There’s a small meadow area in the garden that I scythe once a year to maintain it. Yesterday I raked up the dried material. This area had clearly been maintained by the previous owners as it doesn’t take long before it reverts to woodland. When they bought the land in 1939 there were sheep grazing here. Just a few pictures:
Old aerial photos (norgeibilder.no) show that the garden had much less vegetation at the beginning and this meadow remnant has been kept clear from the start! The 3 pictures below were taken over a span of 70 years in 2016, 1976 and 1947.
On 2nd April 2018, Matthias Brück who had invited me to Switzerland to take part in the Perennials for Resilience seminar in Stans asked me along on a trip through the Alps to the Piedmont area of NW Italy! This is the first of three blog posts about this trip to an area that I think one day Matthias and his good lady Katharina will have a big impact in this area! This is also written as a thank you to Centro d’Ompio’s founder Pius Leutenegger who invited us to stay at the centre, wined, cheesed and dined us and took us on a wonderful tour of gardens and nature in the Lago d’Orta / Lago Maggiore area! I hope to come back one day and repay your kindness in helping developing the Centre’s gardens and maybe holding a course to start the process!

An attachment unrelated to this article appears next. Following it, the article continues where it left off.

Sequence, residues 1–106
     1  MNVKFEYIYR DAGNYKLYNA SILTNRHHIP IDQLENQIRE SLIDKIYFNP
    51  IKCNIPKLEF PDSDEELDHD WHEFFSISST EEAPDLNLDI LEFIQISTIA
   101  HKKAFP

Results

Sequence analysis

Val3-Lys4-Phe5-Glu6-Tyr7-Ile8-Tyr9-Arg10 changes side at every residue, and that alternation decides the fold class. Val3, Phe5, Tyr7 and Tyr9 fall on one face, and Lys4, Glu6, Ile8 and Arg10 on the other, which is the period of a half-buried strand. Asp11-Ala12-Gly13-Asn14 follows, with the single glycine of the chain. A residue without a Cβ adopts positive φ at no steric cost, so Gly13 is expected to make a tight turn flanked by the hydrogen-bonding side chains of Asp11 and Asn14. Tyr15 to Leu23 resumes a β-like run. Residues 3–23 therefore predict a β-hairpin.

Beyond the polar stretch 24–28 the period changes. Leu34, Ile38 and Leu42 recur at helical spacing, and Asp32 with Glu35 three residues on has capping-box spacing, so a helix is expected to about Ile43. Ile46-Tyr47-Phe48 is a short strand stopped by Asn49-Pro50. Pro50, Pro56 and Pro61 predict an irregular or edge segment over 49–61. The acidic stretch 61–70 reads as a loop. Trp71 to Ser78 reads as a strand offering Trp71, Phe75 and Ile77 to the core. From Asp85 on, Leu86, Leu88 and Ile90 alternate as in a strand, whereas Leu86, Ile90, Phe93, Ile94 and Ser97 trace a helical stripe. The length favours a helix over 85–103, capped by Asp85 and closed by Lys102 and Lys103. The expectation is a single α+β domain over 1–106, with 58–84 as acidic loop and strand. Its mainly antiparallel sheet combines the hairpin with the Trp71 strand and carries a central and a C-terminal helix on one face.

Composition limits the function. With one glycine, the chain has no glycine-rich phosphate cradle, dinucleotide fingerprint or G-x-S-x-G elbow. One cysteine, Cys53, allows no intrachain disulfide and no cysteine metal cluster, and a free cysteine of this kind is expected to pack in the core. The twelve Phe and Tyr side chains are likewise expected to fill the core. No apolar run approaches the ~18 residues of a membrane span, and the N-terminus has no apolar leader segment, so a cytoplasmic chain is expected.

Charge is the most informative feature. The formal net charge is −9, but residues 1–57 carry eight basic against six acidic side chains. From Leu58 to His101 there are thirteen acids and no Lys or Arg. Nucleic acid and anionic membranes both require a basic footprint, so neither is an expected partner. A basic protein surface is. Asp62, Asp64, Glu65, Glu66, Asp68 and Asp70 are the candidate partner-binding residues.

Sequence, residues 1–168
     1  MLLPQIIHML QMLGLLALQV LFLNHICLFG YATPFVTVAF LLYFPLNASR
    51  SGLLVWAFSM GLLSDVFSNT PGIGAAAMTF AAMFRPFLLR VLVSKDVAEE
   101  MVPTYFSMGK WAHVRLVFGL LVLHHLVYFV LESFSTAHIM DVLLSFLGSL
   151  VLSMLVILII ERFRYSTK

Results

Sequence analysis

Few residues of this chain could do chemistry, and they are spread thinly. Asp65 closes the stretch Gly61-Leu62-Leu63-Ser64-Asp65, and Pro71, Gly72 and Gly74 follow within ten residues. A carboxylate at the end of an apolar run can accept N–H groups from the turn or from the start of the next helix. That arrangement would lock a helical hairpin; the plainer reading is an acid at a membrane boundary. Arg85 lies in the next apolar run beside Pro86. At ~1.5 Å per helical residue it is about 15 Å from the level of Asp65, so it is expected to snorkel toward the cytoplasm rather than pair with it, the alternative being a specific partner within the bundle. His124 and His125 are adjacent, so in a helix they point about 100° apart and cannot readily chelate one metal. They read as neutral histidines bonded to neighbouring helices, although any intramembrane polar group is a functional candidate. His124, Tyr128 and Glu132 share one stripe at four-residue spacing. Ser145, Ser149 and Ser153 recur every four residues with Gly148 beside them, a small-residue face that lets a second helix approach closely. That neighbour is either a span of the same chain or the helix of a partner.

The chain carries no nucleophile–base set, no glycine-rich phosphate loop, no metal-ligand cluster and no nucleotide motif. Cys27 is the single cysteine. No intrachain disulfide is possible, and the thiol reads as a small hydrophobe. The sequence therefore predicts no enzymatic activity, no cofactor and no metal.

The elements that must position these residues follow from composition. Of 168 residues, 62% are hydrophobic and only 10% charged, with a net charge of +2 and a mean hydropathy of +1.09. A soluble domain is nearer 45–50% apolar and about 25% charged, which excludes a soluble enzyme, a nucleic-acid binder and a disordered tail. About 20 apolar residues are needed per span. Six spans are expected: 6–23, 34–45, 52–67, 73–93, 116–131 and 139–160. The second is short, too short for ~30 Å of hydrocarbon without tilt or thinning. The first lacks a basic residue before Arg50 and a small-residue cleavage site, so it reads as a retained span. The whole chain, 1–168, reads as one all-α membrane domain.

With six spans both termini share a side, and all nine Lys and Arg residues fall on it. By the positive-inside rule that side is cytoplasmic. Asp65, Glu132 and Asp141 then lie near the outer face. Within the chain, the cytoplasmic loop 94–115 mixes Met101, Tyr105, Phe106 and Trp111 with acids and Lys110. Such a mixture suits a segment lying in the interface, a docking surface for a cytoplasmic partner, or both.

My first day in Victoria and Vancouver Island, BC was a mixed one. As this was probably my only chance I decided to go to the Butchart Gardens, a one hour bus ride outside of Victoria, and rated by some as one of the finest gardens in the world. I didn’t have high expectations, but was disappointed that there were almost no plant labels (apart from the rose collection) and otherwise very few native plants as far as I could see…